Munich's Oktoberfest is the largest festival in Europe and one Josh Martin enjoyed a little too much.
"You had better move quickly if you see a wench blowing a whistle with a dozen steins stacked high."
I was told this as we waited eagerly for the first beers of day two of Oktoberfest. Eager more for novel, touristy tradition than actually craving a strong Lowenbrau ale at 10am on a Sunday.
As she was a three-time veteran of Munich's famed festival, I took note of her warning and didn't wait long to see the prophecy realised. These Bavarian beer servers are no Ponsonby hospitality waifs, ploughing through the tiddly crowds ruthlessly with stein-stacking ability like no other.
Giddy stragglers on the end of a toilet queue came off second best to a beefy, er, wench who had grown tired of her whistle being ignored. Ever the opportunist, I made sure to always catch the slipstream behind a beer-carrying fraulein whenever I needed a quick trip to the bathrooms. Being a beer festival there were plenty of those and as the blood-alcohol level in the room increased so did the tempo of the oompah band.
Watching the crowd-ploughing fraus became a spectator sport. Not that there aren't enough distractions outside. The roller coasters, schnapps bars, mechanical claws, burger stands and shot shacks can be a potent and messy mix if done in the wrong order and give Oktoberfest a less than family-friendly carnival vibe - much to the annoyance of the organisers.
A strong contingent of Antipodeans enjoy themselves enough to keep our binge-drinking reputation intact. It's all the more surprising considering the array of delicious carbohydrate stomach liners on offer within the halls. Huge pork knuckle and crackling portions, served with potato dumplings, potato salad and gravy, evoke food envy from those at our long table who opted for merely (giant) pretzels.
Bavarian traditions are not completely drowned out by those keen on just a weekend bender disguised as beer homage. Having run, (yes, run) to secure our table in the Lowenbrau tent, we nabbed one bordering the VIP area.
Come lunchtime, it wasn't socialites or footballers who took up adjacent residence but two dozen members of the Bavarian aristocracy, parading in to their own theme music and family insignia, in full traditional Bavarian dress with fur-trimmed and feather-pricked hats (no stained lederhosen or dirndls, like our low-rent table).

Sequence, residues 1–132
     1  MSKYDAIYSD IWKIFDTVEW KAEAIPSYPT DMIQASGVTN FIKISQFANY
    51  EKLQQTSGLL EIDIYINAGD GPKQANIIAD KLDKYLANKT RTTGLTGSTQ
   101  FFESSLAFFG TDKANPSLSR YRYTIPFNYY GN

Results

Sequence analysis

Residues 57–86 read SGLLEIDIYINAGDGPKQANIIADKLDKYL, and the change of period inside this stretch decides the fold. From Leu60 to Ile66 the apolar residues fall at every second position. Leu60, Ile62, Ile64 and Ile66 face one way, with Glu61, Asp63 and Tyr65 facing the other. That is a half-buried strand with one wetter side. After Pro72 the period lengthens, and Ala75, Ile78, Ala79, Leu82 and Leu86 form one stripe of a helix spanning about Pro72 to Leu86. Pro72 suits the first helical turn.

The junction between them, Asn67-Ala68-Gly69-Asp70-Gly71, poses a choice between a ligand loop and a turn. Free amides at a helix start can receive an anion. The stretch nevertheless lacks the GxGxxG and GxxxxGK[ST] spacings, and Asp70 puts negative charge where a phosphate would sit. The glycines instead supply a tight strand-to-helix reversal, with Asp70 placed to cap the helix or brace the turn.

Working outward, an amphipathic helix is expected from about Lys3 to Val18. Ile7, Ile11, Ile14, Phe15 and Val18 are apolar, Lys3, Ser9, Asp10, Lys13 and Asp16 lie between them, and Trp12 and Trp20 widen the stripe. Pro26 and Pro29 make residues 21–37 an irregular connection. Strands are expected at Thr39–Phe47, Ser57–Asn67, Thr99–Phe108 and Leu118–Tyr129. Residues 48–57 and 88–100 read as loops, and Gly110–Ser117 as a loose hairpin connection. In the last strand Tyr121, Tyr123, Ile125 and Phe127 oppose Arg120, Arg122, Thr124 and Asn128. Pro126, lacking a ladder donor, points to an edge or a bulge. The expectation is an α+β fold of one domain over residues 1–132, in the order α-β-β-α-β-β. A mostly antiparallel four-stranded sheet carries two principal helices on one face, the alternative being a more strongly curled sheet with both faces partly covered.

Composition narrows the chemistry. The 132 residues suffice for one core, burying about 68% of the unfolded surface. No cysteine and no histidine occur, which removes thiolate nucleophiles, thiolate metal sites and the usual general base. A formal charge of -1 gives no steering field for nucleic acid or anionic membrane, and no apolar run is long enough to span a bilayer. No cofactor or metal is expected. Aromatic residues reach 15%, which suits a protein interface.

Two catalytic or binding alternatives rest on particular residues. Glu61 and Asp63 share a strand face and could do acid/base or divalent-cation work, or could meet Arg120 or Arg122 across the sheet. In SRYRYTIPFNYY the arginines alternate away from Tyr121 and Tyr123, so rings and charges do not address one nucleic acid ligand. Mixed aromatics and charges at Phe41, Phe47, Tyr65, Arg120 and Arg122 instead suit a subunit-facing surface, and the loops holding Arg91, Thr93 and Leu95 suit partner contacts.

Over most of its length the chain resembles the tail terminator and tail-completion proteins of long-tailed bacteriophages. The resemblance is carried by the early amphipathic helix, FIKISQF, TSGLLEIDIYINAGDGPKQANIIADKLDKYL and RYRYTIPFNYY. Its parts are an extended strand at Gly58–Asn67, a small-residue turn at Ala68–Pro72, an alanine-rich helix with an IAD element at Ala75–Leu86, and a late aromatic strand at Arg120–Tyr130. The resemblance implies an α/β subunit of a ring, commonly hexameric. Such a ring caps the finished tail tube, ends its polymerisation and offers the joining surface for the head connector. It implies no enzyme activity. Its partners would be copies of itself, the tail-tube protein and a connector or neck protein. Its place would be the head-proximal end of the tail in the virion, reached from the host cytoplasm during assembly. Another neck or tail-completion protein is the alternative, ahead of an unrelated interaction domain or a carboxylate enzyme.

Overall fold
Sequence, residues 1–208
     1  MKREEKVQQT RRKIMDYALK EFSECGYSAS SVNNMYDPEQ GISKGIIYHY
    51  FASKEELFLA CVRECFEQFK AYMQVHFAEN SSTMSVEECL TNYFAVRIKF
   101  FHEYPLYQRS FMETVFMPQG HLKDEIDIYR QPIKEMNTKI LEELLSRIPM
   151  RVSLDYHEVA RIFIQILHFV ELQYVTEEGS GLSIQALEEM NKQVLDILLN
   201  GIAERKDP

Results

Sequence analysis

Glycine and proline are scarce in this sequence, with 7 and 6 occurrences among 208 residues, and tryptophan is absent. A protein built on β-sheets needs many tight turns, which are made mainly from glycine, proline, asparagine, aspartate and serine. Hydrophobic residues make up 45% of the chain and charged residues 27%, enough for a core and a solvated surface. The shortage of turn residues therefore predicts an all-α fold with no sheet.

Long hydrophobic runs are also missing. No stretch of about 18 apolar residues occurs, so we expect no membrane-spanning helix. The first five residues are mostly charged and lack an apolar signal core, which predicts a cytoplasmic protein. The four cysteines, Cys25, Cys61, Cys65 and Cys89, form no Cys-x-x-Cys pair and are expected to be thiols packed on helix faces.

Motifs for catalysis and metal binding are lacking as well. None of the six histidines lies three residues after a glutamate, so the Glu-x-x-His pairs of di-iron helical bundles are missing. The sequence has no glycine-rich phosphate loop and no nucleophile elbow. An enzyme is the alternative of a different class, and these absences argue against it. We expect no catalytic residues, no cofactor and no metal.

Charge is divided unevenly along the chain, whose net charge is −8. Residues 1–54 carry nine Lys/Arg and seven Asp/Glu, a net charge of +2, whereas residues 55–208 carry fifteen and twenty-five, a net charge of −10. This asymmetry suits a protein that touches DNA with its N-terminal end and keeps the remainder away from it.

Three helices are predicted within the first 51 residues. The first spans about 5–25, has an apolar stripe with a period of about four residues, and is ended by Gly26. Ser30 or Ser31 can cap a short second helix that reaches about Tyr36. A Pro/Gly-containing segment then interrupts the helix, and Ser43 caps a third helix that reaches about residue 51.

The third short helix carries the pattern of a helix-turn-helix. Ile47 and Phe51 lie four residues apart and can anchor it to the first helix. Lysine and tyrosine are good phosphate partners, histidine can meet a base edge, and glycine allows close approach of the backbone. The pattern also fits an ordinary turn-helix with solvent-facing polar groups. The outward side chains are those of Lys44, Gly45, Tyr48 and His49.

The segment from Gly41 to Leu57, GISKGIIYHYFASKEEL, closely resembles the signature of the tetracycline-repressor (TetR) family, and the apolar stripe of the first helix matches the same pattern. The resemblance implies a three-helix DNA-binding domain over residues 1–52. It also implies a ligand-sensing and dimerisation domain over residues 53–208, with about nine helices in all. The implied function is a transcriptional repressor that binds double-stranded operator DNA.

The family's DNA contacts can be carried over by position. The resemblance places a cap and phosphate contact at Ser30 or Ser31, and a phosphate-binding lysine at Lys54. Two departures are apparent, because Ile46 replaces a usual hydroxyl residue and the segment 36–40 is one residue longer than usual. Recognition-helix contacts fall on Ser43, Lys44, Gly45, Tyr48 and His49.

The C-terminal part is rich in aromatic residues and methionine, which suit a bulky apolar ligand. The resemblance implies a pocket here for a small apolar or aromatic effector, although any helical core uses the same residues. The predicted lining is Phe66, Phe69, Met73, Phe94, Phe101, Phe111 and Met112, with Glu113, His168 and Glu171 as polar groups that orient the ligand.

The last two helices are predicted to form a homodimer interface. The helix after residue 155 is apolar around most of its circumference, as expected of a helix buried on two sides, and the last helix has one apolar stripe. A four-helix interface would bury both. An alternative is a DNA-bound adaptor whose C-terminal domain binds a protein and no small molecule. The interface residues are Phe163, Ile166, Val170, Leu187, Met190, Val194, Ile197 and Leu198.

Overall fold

They stopped short of spontaneously bursting into the chanting and stein-clinking that reverberated through the rest of the halls when the band played Oktoberfest's theme, Ein Prosit, and left the international revellers to it.
A (predictably) late start the next morning meant we were never in the running to score a table in the halls (necessary, as you cannot be served unless you are seated). Instead we boarded a tram to the city centre and one of Munich's permanent beer halls, The Hofbrauhaus.
We needed some photos from the weekend's trip that didn't feature a stein or a greasy empty plate in them.
Hofbrauhaus' golden brew has been served in Munich since 1602 and we were lucky to get a table with locals keen to avoid the tourist hordes at the main site. If you're after an introductory approach to Oktoberfest, the expansive Augustiner-Keller beer garden is worth a look, which we took on arrival.
The relaxed atmosphere meant staff had more patience for my euro coin fumbling and food questioning.
Over its three-week celebration, Oktoberfest's 6.5 million attendees (making it the largest festival in Europe) consume more than 6.7 million litres of beer.
It is so entrenched that Munich International Airport has its own brewery, AirBrau. The bar's oompah band was drawing in a crowd as we passed through the airport.
Not us, though. A long weekend where brunch meant pork knuckle, potato dumplings and a stein, was never going to put me in a spritely mood come home time. I was just content to escape the brusies of the beer wenches.
Getting there: Emirates flies from Auckland to Munich via their hub in Dubai.
Details: The 2015 Oktoberfest festival runs from September 19 - October 4.
Further information: See muenchen.de.